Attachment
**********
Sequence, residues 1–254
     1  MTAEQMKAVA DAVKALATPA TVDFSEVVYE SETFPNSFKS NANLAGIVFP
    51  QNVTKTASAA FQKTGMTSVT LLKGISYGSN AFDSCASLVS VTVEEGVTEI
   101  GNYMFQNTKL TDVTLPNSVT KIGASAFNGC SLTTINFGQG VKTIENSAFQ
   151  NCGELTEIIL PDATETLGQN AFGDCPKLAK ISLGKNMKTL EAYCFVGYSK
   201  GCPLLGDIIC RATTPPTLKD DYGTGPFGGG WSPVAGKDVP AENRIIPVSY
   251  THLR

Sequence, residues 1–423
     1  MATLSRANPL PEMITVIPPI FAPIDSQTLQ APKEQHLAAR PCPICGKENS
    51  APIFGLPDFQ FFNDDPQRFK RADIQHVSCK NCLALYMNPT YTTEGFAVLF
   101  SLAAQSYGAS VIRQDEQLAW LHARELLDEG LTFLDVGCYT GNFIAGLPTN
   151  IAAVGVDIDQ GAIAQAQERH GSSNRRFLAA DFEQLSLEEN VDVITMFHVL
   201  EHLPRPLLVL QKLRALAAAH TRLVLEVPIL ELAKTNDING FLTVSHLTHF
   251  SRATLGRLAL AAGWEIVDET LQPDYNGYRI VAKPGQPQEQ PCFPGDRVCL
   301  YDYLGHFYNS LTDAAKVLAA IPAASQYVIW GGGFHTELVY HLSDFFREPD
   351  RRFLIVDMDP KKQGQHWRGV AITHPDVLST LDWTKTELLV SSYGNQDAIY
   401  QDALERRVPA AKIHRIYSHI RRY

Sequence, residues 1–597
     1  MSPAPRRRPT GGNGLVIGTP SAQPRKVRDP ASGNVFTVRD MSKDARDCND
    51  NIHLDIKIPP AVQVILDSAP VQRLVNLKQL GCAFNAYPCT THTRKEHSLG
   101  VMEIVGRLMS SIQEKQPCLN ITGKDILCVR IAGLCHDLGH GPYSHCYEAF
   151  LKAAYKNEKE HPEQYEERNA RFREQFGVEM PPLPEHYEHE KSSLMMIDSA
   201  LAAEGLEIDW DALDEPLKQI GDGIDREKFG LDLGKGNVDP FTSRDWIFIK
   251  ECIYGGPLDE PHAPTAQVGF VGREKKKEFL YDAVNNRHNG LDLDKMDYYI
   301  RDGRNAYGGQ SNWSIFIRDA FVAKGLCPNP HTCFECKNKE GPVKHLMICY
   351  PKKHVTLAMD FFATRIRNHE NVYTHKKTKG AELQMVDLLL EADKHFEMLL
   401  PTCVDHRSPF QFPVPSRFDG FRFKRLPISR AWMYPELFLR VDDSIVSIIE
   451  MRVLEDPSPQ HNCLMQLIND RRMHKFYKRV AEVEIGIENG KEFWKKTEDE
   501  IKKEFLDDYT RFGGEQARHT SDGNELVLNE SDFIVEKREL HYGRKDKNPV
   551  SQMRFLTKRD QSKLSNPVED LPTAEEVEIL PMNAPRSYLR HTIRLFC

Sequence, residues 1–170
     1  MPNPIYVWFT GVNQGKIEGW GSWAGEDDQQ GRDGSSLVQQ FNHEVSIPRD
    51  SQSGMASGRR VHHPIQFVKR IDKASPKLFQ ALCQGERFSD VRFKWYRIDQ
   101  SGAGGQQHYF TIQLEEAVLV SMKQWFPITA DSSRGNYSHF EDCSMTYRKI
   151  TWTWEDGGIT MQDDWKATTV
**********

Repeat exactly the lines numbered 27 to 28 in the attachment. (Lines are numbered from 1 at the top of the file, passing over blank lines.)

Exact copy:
   401  PTCVDHRSPF QFPVPSRFDG FRFKRLPISR AWMYPELFLR VDDSIVSIIE
   451  MRVLEDPSPQ HNCLMQLIND RRMHKFYKRV AEVEIGIENG KEFWKKTEDE